Most of those low base clock Xeons boost up to 3.4-3.6 for single-core, before overclocking where possible. Ryzen with a base clock for all cores at or near Intel's single-core boost? I don't even want to get excited about that prospect until I see some data to support it... :D
 

Atari2600

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Nov 22, 2016
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But I know a very small slice of this market. I don't, for example, know anyone buying the Xeons :shrug:
Its a fair point.

If the software doesn't scale (and lets face it, 16 cores is well up the road on Amdahl's law for a lot of commercial code) then 16 cores is not necessarily 2x better than 8.
If the workload doesn't scale, then 16 cores definitely isn't better than 8.

At the minute, and probably over the prosumer lifespan of this CPU generation, the jump from 8C to 16C is one that in many cases won't yield a linear return.

In which case my projections for the costs are probably too high. Excellent! :D:D
 

lobz

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Feb 10, 2017
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I would not, and that's not what I'm hearing in my circle either. Most of these people already have a 6900 or 6950 (and the only reason I don't, is I'm cheap, and I hate the thought of the next processor being on a different socket, necessitating a new motherboard, and more money to Microsoft). Unlike the consumer space, which hasn't felt the need to be on the upgrade cycle, prosumers have little choice -- we need to follow the performance curve.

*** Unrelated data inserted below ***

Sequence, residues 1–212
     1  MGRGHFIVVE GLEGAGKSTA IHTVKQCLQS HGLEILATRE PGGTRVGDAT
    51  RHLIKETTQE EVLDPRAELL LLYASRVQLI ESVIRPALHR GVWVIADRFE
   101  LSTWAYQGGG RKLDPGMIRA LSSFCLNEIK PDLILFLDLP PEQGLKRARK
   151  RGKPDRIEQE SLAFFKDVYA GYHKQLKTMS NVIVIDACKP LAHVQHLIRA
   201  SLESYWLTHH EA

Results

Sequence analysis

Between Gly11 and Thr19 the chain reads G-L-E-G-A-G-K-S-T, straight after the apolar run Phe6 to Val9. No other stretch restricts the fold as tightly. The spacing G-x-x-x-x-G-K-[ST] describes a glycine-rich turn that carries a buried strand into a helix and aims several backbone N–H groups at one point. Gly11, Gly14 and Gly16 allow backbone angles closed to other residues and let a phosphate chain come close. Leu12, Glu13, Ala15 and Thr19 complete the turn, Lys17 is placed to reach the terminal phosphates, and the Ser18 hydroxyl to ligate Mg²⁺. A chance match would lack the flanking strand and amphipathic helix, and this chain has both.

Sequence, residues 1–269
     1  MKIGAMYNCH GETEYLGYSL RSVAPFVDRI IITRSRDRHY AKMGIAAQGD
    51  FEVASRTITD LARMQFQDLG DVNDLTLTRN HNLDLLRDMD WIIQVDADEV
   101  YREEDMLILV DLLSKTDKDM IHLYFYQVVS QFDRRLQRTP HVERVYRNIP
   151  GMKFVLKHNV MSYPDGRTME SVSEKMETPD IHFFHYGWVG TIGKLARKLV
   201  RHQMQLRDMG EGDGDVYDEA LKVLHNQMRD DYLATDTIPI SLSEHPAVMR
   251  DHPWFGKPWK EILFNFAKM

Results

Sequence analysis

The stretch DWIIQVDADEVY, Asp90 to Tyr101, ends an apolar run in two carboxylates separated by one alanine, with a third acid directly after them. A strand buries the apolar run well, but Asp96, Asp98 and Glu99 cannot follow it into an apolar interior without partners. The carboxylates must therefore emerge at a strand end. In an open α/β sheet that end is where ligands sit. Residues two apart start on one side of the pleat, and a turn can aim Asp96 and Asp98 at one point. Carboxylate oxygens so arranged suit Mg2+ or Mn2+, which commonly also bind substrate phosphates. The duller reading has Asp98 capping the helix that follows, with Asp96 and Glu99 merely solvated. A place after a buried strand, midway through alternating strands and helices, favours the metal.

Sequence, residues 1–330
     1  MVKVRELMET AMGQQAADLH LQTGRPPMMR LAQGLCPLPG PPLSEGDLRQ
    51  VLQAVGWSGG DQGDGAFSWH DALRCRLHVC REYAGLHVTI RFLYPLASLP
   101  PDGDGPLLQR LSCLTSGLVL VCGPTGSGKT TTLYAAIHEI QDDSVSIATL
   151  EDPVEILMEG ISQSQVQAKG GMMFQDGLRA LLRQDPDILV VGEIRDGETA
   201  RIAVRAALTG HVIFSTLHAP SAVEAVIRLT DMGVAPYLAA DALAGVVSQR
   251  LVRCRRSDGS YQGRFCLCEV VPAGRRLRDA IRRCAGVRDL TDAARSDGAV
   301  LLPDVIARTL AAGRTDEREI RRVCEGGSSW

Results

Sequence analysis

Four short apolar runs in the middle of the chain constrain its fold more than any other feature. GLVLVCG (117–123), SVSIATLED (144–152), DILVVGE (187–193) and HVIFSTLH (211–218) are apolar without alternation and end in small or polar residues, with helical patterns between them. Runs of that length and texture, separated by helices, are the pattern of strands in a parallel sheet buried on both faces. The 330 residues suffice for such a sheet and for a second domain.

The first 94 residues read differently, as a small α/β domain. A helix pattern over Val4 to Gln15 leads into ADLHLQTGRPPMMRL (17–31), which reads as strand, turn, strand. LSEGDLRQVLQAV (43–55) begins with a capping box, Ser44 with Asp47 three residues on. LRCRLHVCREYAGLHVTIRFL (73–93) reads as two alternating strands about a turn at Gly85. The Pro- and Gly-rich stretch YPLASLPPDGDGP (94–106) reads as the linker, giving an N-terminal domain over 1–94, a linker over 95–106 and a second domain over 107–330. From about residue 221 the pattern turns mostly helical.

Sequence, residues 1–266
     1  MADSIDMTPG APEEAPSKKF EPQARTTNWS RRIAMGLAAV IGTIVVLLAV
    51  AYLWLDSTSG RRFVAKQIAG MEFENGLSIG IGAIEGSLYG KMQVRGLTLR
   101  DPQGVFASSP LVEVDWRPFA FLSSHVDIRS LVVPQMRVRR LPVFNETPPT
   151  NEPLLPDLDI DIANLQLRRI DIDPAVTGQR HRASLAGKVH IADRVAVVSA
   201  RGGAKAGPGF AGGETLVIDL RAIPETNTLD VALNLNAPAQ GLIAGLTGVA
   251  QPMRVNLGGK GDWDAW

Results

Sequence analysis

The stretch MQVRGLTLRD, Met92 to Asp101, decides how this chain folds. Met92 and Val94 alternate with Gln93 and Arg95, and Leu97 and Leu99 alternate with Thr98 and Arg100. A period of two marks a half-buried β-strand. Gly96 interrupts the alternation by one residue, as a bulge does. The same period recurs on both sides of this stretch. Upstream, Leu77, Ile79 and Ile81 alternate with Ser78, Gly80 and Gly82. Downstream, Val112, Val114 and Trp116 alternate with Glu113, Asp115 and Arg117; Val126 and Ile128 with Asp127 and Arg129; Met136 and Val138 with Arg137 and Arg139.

What I've heard, specifically, is that it would be a waste to buy a $1200 16 core that doesn't OC up to 4.2G, because they already have a 6950 that can OC to 4.4/4.5 on water. If Ryzen is going to sell into this space, they can't just be an upgrade path for folks that are two generations behind, they need to be competitive with SkylakeX for the next upgrade round. This is very much a harder sell.

As for ST/MT, and how no one buys these processors for ST, that is absolutely wrong. ST performance can matter a great deal. Speaking to the space I know, not all videography work scales. You'd think it would, but it doesn't. H264 encode/decode is single-threaded per slice, and when you split your picture, you prevent optimizations across those boundaries. And you bet it matters. My 1800X can't decode single-slice 4k60p video in real-time in my NLE. It *just* misses managing dual-slice. Fortunately my camera outputs 4 slices, but that means a 16 core is less appealing to me. Encoding only uses ~70% of the CPU for similar reasons.

Stabilization passes are often similarly single-threaded.

I have very little interest in going significantly lower than the 3.9G OC I'm currently running at, and if AMD decides to take the price of the 1800X (which I think we can all appreciate is just a little high for the family) and apply an overcharge factor from there ... well, I don't think it'll go over very well.

But I know a very small slice of this market. I don't, for example, know anyone buying the Xeons :shrug:
I haven't heard of too many firms that provide overclocked workstations to their employees to work with... not saying there's none, but I haven't personally heard of a single one yet
 

dnavas

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I haven't heard of too many firms that provide overclocked workstations to their employees to work with... not saying there's none, but I haven't personally heard of a single one yet
Different spaces. I don't know too many people who make money off videography that work at companies that give workstations to employees :)